While there may be no sin in being poor, there certainly is no shame in trying not to be. At least if you do things on the up-and-up. At least if you act honorably and don't over-react to rejection. At least if you understand the limitations of decency. For one poor Southie woman, a shot at a better life plays into her worst instincts and, encouraged by friends, she shoots the moon. Or at least she tries.
The only problem with Margaret is she has scruples. She doesn't know she has them, but she does. Perhaps she believes too hard in the possibility of something sustainable, if not better. As things lie, the only real hope she has for an improvement in her situation is to fall back on the old ideas, the old ways and the old friends.
That's the basic premise of David Lindsay-Abaire's play "Good People," which is opening the season at the Dorset Theatre Festival in Dorset, Vermont. This is a remarkably good play about Southies, people from South Boston, folks who have lived close to the street and only resisted the worst in life by seeing it for what it is: the surrender to fate of a life that could be improved.
For Margaret, this author's heroine, heroin is not an answer, and neither is drink. She has witnessed what those things bring. She raises her daughter, now 30 and dependent on her mother for everything, with humor and sensitivity and though we never see daughter Joyce, we know her for all her deficiencies.
When a former boyfriend enters the dismal picture, then seemingly pulls away from any responsibility for Margaret's future, she takes things into her own hands and, like Jericho facing Joshua, walls crumble away and musically everything behind those walls gets played.
The second act's first lengthy scene is an utter joy, especially in the hands of this director and her actors. Giovanna Sardelli has directed a seamless and deliciously constructed piece and nowhere is her work more outstanding than in this second act scene played out in a fine house on a good street in Chestnut Hill, Massachusetts.
Mike, a doctor, and his wife, Kate, accidentally host an intruding Margaret with wine, cheese and an almost random sense of camaraderie. The scene seems to be constantly in motion and nothing seems forced, accidental or left to chance.
Sardelli has taken a space decorated for casual luxury and turned it into a racing field with hydrant touchstones represented by fine art glass and cheese platters, wine glasses and wall decorations. The ensuing chaos is due to the emotional levels on which these characters live and in the hands of Tasha Lawrence as Margaret, Krystel Lucas as Kate and Brian Dykstra as Mike, those levels are nearly equivalent to Olympic competition.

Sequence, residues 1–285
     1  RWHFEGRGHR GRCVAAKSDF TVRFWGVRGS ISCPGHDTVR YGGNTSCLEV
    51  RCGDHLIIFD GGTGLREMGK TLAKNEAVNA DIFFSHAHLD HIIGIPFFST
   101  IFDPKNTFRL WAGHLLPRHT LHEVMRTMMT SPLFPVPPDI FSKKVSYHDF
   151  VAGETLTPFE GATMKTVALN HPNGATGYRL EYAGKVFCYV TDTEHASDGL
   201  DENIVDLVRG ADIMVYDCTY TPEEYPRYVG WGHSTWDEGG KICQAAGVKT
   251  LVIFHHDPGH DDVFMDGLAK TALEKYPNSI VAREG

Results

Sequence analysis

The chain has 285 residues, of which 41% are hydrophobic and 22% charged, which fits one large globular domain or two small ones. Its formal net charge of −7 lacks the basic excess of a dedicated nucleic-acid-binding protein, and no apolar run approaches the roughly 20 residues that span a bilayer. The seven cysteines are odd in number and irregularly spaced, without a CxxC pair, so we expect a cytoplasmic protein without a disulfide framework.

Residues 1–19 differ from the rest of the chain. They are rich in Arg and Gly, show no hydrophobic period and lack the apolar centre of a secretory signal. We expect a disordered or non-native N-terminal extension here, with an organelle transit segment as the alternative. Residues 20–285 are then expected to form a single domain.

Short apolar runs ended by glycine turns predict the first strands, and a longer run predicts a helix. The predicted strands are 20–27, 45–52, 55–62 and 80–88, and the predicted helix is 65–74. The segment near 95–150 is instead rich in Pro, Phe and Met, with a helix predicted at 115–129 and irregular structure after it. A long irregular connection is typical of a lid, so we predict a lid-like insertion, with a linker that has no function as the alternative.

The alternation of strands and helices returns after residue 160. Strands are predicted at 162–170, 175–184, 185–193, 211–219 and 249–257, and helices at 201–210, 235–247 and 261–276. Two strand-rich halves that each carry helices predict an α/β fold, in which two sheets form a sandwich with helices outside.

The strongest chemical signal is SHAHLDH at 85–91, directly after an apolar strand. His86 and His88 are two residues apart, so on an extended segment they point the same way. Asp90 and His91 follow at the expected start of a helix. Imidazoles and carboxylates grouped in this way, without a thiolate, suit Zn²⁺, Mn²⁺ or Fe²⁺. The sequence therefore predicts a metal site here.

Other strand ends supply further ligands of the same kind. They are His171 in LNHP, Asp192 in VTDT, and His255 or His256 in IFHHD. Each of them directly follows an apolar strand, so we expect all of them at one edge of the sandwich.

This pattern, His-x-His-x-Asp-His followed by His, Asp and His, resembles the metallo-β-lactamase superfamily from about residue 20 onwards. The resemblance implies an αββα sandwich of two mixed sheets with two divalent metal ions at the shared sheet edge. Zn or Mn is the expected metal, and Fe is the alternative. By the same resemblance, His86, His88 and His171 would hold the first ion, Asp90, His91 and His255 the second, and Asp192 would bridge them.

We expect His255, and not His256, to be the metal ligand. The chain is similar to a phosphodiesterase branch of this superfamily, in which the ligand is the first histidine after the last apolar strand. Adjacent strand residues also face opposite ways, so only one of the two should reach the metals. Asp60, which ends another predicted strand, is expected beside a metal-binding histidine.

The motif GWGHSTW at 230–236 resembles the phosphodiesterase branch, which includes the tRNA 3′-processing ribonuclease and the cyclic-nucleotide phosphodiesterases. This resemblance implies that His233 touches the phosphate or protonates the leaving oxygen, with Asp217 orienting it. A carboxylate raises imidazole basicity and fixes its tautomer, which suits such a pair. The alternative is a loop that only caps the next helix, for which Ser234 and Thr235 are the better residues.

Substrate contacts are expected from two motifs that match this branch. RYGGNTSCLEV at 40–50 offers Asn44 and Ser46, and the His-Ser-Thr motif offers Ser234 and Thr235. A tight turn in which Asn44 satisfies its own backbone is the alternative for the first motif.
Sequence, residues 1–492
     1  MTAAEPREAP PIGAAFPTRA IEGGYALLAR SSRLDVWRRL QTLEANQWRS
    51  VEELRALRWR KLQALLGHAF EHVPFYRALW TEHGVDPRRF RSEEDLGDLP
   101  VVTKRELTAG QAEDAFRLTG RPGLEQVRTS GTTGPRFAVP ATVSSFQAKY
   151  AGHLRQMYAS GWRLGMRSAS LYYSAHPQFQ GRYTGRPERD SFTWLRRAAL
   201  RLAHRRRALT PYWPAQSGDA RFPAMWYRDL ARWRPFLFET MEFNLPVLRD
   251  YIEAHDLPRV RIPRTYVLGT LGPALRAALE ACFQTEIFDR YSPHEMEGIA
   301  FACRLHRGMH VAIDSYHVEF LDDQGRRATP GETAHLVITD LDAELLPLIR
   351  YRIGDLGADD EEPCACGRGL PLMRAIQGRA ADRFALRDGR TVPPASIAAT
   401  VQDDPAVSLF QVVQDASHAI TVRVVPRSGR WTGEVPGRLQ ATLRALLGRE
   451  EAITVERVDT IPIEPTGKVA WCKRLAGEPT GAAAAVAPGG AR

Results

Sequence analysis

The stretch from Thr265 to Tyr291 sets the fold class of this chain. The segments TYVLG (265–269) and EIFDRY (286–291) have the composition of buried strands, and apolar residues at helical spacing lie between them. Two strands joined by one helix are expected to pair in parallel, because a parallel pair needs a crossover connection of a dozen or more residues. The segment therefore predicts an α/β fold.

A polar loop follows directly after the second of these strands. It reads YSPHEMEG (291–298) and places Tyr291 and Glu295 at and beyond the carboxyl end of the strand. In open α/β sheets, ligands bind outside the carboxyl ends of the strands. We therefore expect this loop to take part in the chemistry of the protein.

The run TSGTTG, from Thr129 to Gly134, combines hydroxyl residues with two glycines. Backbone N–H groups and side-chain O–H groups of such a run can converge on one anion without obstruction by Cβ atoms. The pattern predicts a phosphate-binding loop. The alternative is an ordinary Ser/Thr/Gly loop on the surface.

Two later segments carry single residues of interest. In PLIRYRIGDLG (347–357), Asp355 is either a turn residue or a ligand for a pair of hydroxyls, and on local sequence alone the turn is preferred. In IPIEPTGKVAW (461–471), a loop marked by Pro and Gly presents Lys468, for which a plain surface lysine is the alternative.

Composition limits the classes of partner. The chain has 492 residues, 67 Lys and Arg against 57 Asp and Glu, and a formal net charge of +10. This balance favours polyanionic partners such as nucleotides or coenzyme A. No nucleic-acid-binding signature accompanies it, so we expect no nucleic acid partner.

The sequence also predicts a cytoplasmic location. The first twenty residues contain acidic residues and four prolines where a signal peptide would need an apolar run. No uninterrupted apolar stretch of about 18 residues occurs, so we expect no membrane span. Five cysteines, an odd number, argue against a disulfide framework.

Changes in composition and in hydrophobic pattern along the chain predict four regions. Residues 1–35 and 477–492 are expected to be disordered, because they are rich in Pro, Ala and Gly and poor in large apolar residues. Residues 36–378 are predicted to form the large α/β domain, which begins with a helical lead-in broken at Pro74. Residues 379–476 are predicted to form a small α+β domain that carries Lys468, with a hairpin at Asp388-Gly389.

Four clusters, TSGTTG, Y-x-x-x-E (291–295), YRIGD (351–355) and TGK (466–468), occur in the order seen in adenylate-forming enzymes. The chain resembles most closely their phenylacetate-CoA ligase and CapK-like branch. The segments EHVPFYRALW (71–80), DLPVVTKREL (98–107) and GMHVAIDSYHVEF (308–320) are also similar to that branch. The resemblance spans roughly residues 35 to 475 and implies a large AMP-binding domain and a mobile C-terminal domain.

Tasha Lawrence is the needy Margaret who cannot comprehend her own situation because she cannot get a grip on it. Every issue has its natural excuses. Every plan has its crash-point. Every hope has its dream and every dream its nightmare.
For Margaret there are no easy answers or solutions, only easy escapes into a different job, for which she is not prepared. Lawrence has a face and body that reads both the hope and despair simultaneously while her voice is sure, always, and strong and definitive. The combination is devastating.
As her best friends, Janis Young as Dottie is a scary dream of supportive friendship and Cathy Haase as Jean is a perfect example of the horrible leading the unremarkable. Every piece of advice that Jean gives Margaret is totally wrong but Hasse makes it all sound right and plausible. Every aphorism or statement of fact that Dottie impart is worked over into a former heavy smoker's declaration of repentance when Young says it. I could sit through a play about these two characters with these two actress playing them.
Gerrett Neergaard plays Stevie, the young boss who has to fire his mother's old friend Margaret. Neergaard makes an unsympathetic character into the kind of friend you might want in a time of crisis. He can get an uneasy edge into his voice. He can make a kind gesture into something nasty and unacceptable. He seems to have mastered the simultaneous playing of opposites.
Lucas, as the wife of the man Margaret has invested her hopes in at this juncture, has beauty, charm, grace and an effective sense of balance and off-balance in every intense moment of her role. Whether she is accepting possibilities that she dislikes, or discoursing on foreign cheeses the actress plays with a reality that makes her unreal role into something dynamic and incredibly present. She has it all going for her in this part and she makes the most of it.
Dykstra as her husband and Margaret's former boyfriend has the most difficult role in the play. He carries it off well; even his darkest, meanest moments exposing his upbringing which shocks his wife and us at the same time are played with a laid-away charm that thrives on such moments. There is so much going on this performance that the onlooker could mistake gestures and vocal shadings as anything from closet sadist to homosexual to professional sceptic. Mike has worked his way out of the Boston ghetto and into a mainstream existence that is almost always a fiction. Dykstra's fine performance makes us see that Mike isn't even aware of all that.
Kevin Judge has created superb scenery for this show. Emily Pepper's costumes reek of reality. Michael Giannitti provides excellent lighting and Oliver Wadsworth has done a wonderful job of coaching accents for these characters.
This is a play that is too good to miss. From central Pittsfield, MA it is a one hour and twenty-two minute drive and everything about this productions says the drive is worthwhile. That's not something you'll necessarily hear me say, or have me ask you to read, too often. But it's true -- "too good to miss."
"Good People" runs through July 7 at the Dorset Theatre Festival, 104 Cheney Road, Dorset, Vermont. For information and tickets call 802-867-2223 or visit http://www.dorsettheatrefestival.org/.